To avoid wasting food, I also research the area before booking to see if any local stores are nearby. I can then buy food for an average of two days. Not only does this support local businesses, but it helps to save money. Read our article for more tips for not wasting food, saving money and keeping food safe.

1 – Make the most of campsite facilities for food storage

Utilities available on campsites

Many campsites have got you covered when it comes to keeping your food chilled during your camping adventure. Around 80% of campsites offer freezer facilities or fridges at no extra cost. However, it’s important to note that these facilities are primarily intended for refreezing ice blocks rather than long-term food storage.

Here are some tips to help you make the most of campsite facilities for food storage:

  • Pack and label with care – When using the campsite facilities, it’s a good practice to pack your food items inside sealed bags and label them with your name. This helps to identify your belongings and ensures that your items don’t get mixed up with those of other campers.
  • Know the freezer schedule – Campsite owners typically empty the freezers weekly, usually on a Friday morning or afternoon. To avoid any surprises, it’s advisable to check with the campsite owner about their freezer maintenance schedule before storing your food.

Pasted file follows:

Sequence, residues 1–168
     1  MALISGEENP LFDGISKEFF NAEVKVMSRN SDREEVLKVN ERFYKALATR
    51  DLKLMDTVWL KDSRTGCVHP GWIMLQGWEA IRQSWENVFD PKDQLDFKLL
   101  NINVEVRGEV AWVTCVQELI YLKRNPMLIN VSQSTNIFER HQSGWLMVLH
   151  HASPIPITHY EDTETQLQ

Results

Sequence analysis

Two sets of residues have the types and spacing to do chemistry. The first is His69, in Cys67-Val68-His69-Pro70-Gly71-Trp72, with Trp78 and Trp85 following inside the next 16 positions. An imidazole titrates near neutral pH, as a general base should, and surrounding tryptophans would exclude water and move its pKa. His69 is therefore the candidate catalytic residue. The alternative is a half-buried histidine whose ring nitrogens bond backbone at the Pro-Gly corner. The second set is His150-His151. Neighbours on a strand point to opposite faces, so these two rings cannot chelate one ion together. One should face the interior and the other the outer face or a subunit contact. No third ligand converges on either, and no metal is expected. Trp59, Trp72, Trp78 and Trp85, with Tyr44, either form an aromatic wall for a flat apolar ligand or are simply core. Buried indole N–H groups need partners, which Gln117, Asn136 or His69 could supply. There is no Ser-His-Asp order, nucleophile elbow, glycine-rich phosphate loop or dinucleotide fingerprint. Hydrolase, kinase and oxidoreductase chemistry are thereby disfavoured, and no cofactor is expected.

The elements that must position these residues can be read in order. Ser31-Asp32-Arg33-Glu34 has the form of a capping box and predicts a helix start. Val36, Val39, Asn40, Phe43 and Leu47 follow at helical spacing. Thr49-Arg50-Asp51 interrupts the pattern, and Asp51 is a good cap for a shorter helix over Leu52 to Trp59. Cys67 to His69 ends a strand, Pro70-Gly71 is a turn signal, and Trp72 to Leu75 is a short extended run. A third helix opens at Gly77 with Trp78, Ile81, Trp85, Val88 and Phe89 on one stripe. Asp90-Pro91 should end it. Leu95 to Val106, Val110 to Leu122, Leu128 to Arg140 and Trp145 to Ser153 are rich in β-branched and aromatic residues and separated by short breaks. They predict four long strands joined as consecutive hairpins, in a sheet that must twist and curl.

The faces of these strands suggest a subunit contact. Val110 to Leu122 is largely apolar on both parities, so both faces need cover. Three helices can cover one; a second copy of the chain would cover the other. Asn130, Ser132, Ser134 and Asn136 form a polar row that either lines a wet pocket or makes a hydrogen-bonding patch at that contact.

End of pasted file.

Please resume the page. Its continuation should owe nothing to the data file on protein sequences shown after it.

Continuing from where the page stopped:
• Smart freezing techniques – To optimize your use of the freezer facilities, consider these smart freezing techniques. One option is to store ice blocks or bottles of water in the freezer and rotate them daily. Small water bottles filled with water and frozen can be a cost-effective alternative to buying ice blocks. These frozen water bottles not only keep your food cool but can also be used as a source of drinking water as they gradually melt.
  • Utilize ice trays – If freezer space is limited, another handy tip is to freeze ice cubes in ice trays. Once frozen, transfer the ice cubes into sealed bags. These ice cubes can fill any coolbox gaps, providing additional cooling power.

2 – Pre cooling passive and electric coolboxes before using

Both passive and electrical cool boxes need to chill before use. Placing food inside a non-cooled coolbox defeats the reason for using it, as food will warm the inside.

Chilling methods